DINEFWR – A Phoenix in Wales
An iconic place in the history of Wales Set on a hilltop above the Tywi valley, Dinefwr is one of the most resonant names in Welsh history: its castle was Lord Rhys’s seat of power and his mansion house the home of the Dynevor family for generations. The title, Dinefwr: The Welsh Phoenix, was chosen after much thought. It is intended to convey the extraordinary roller-coaster careers of the two families associated with Dinefwr and the estate. Dynastic catastrophes in 1093, 1277-87 and especially 1531, each of them part of the history of Wales, were all overcome in one way or another, while the seemingly inevitable 20th century decline and break-up of the estate demesne was dramatically transformed at the last moment. Dinefwr has reemerged from disaster after disaster. Dinefwr shares many features common to the larger landed estates in Wales: the involvement in politics, the improvements in agriculture, the philanthropy and the place in the landscape. But Dinefwr has a greater story to tell as a witness to Welsh history, and that over a period of nearly a thousand years. Its landscape and buildings are vivid testimonies to a past during which greater and lesser princes fought to maintain a basic independence from foreign rule, and in which a successor lineage of seventeen generations of the same landowning family gained, lost, regained and lost their roles, leaving a landscape to be cherished.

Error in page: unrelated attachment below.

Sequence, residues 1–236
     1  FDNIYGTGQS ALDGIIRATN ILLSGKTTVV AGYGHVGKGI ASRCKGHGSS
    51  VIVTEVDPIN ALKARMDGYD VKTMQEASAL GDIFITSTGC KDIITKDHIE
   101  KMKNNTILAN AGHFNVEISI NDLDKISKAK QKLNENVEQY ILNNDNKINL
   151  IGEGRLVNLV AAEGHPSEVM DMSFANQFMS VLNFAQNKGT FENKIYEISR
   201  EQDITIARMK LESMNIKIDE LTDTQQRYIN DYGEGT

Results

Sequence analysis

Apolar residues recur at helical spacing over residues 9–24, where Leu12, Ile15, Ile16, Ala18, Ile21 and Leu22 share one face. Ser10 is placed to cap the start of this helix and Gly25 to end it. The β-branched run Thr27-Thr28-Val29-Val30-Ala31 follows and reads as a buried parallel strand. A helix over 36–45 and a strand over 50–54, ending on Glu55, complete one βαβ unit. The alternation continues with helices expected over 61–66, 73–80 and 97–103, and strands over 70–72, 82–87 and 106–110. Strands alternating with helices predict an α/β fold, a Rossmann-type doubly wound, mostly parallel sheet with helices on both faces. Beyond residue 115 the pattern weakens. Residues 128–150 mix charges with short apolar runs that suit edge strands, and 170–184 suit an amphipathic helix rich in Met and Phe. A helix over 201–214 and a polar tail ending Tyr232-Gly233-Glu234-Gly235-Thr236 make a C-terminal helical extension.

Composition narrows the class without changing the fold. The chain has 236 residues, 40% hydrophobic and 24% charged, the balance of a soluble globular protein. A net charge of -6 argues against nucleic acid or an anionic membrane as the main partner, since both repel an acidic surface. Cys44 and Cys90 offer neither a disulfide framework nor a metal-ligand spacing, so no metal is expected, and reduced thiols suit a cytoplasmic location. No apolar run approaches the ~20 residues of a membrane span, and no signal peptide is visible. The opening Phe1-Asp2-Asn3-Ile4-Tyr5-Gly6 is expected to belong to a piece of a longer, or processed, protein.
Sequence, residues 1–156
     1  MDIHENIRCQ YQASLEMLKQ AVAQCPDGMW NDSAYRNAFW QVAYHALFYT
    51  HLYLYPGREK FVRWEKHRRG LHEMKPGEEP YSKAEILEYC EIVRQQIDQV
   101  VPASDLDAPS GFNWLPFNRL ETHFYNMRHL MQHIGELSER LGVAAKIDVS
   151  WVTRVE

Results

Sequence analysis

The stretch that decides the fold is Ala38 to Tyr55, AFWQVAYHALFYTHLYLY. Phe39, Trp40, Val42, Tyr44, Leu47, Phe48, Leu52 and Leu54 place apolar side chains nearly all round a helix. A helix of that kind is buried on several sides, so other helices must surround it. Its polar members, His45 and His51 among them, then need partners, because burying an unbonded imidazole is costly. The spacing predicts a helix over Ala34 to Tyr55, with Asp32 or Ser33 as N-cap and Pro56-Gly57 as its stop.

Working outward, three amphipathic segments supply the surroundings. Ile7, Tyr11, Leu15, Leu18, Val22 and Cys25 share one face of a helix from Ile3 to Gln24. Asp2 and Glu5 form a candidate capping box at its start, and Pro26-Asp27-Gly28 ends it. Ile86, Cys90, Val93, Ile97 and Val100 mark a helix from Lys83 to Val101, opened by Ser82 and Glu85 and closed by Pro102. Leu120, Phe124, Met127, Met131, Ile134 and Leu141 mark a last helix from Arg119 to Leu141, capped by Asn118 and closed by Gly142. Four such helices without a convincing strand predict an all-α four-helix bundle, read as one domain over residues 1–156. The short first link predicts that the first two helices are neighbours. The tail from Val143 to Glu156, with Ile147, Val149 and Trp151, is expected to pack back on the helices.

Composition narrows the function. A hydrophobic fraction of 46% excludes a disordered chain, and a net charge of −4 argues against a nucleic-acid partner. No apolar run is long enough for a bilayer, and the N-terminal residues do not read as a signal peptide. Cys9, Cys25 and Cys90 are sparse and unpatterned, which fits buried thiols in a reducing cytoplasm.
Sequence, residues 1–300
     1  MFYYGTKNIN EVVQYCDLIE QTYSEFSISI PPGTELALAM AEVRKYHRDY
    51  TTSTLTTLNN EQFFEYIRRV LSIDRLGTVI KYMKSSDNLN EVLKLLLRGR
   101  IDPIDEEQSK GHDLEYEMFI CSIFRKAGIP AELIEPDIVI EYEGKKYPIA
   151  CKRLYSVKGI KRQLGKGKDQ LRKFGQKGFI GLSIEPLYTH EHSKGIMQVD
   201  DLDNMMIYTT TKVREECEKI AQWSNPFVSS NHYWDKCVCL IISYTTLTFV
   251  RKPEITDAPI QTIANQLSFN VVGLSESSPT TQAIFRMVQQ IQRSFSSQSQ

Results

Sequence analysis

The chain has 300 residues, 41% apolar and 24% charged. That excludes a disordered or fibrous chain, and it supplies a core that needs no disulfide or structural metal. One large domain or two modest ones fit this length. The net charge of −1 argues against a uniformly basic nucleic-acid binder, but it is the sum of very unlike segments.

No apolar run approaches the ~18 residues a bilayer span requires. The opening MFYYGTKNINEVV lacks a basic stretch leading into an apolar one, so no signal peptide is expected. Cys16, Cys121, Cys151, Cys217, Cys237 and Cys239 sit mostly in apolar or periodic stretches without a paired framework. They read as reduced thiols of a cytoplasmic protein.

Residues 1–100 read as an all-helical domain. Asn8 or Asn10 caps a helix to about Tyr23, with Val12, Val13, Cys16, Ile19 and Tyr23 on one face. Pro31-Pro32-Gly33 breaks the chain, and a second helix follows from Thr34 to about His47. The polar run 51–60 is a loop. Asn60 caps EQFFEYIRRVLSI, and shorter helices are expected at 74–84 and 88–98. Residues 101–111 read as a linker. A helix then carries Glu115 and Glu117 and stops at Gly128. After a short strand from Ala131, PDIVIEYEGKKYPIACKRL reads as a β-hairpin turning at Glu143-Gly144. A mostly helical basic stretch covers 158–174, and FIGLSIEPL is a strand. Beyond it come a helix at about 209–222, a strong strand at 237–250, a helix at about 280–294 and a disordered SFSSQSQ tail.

Looking for Wales
A collection of twelve essays on Welsh history and culture. With an appendix of further reading. 1 Looking for the Welsh Border, 2 Looking for the Welsh Language, 3 Looking for a Welsh Capital, 4 Looking for Welsh Castles, 5 Looking for Welsh Churches, 6 Looking for the Great Houses of Wales, 7 Looking for a Welsh Muse, 8 Looking for Welsh Names, 9 Looking for the Land of Song, 10 Looking for Welsh Icons, 11 Looking for Welsh Sport, 12 Looking for British Ancestors: the Pseudo-History of Wales.
A Brief History of Wales
From the Romans onward, via Vikings, Saxons, Normans and Flemings, the Welsh have both resisted and absorbed invasion after invasion. Princes, papist, protestants, politicians, patriots, prophets and proletarians pass swiftly before us in this gripping narrative of conquest, resistance and survival. Both legend and fact play their part in this story, from the Night of the Long Knives to the 1905 victory over the All Blacks, from Welsh Indians to the 1904 Revival. Whether Welsh or not, you will find this book easy to pick up and hard to put down. A superb introduction to the background to contemporary Wales, this book is also for anyone wishing to brush up their history.
Castles in Wales – a handbook
You may be a castle enthusiast on holiday or an armchair aficionado seeking the perfect introduction to Welsh castles. If so, here is the perfect solution: a combination of fireside companion and practical handbook for windswept walks. The introduction sweeps through medieval history, setting the castles in their historical, political and military context, while the main text is a practical guide to nearly 80 castles with grid references and notes on access, history and building details. Fully illustrated, Castles in Wales, A Handbook also includes a list of over 400 medieval castles and an appendix of possible, post-medieval and lost castles.
Ceredigion – a Wealth of History
A comprehensive history of the county of Ceredigion, West Wales.
Nanteos – A Welsh House and its Families
The House of Nanteos in north Cardiganshire is where, according to local tradition, the Holy Grail can be found in the form of the Nanteos Cup. This study traces the rise and fall of the Powell family of Nanteos and the mansion house.
A Welsh House and its Family – The Vaughans of Trawsgoed
Romans in Wales